- Norvir can interact with a number of pain killers (analgesics and anesthetics). This includes Demerol (meperidine) is a powerful analgesic. Norvir can increase the amount of normeperidine, an active byproduct of Demerol, in the bloodstream. In turn, Demerol should be used cautiously if it must be combined with Norvir. Other analgesic drugs that may require dose changes include Ultram (tramadole) and Darvon (propoxyphene).
- Another painkiller, methadone, commonly used to treat drug addiction, can interact with Norvir. Methadone levels in the bloodstream can decrease when combined with Norvir. Because of this, it might be necessary to increase the dose of methadone.
- Norpramin (desipramine) is used to treat depression. Levels of this drug can increase in the bloodstream if it is combined with Norvir. In turn, it might be necessary to reduce the usual dosage of this drug.
- Antabuse (disulfiram) is a medication taken by people with an alcohol-dependency problem. This medication can make people very sick if they consume even small amounts of alcohol. Because the liquid formulation of Norvir contains small amounts of alcohol, it should not be combined with Antabuse.
- Flagyl (metronidazole) is used to treat some types of parasitic infections. People should not drink alcohol—or take medications that contain alcohol—while taking this drug. The combination of alcohol and Flagyl can cause someone to become very ill. In turn, HIV-positive people taking the liquid formulation of Norvir should not take Flagyl.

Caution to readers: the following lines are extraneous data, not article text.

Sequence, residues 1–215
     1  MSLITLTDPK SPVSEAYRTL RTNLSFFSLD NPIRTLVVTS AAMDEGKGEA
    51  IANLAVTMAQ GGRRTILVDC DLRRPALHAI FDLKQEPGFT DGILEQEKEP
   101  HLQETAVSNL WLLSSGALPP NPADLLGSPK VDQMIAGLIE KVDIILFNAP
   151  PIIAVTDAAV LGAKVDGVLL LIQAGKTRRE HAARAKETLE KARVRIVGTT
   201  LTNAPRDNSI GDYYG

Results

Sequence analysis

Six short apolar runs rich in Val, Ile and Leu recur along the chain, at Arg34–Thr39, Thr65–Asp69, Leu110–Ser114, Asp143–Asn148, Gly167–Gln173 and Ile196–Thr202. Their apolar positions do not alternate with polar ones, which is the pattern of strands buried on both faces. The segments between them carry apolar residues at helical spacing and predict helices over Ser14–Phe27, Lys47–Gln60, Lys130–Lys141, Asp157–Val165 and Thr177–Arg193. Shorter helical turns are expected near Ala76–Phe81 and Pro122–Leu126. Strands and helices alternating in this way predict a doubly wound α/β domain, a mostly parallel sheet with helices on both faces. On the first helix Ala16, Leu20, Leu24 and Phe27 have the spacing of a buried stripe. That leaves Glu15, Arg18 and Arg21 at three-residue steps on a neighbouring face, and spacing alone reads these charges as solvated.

- Norvir can interact with some medications used to treat TB, MAC, and other bacterial infections. Rifadin (rifampin) can decrease Norvir levels and Norvir can increase Rifadin levels (these drugs should not be used together). Norvir can increase Mycobutin (rifabutin) (the Mycobutin dose will need be reduced to 150mg every other day or three-times-weekly). Norvir also raises Biaxin (clarithromycin) levels in the bloodstream (the Biaxin dose will need to be decreased).
- Norvir can interact with some medications used to treat different types of cardiovascular disease, including high blood pressure. Caution is recommended when combining Norvir with tese medications, which include drugs used to treat heart-rythm disturbances—such as Norpace (disopyramide), Xylocaine (lidocaine), and Mexitil (mexiletine—and a class of drugs called beta blockers—such as Lopressor (metoprolol) and Blocadren (timolol).